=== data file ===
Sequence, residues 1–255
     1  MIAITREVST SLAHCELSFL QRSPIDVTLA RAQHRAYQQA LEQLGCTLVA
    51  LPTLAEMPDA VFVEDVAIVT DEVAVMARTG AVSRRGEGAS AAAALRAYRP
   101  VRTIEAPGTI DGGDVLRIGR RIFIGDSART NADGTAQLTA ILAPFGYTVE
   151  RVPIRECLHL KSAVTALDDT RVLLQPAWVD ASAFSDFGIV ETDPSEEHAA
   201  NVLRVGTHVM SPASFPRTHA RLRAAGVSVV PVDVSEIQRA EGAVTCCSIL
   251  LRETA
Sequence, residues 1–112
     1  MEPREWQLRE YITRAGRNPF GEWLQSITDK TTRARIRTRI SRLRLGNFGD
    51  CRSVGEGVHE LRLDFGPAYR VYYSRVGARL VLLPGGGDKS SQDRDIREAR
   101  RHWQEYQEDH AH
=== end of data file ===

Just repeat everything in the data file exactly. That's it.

Sequence, residues 1–255
     1  MIAITREVST SLAHCELSFL QRSPIDVTLA RAQHRAYQQA LEQLGCTLVA
    51  LPTLAEMPDA VFVEDVAIVT DEVAVMARTG AVSRRGEGAS AAAALRAYRP
   101  VRTIEAPGTI DGGDVLRIGR RIFIGDSART NADGTAQLTA ILAPFGYTVE
   151  RVPIRECLHL KSAVTALDDT RVLLQPAWVD ASAFSDFGIV ETDPSEEHAA
   201  NVLRVGTHVM SPASFPRTHA RLRAAGVSVV PVDVSEIQRA EGAVTCCSIL
   251  LRETA
Sequence, residues 1–112
     1  MEPREWQLRE YITRAGRNPF GEWLQSITDK TTRARIRTRI SRLRLGNFGD
    51  CRSVGEGVHE LRLDFGPAYR VYYSRVGARL VLLPGGGDKS SQDRDIREAR
   101  RHWQEYQEDH AH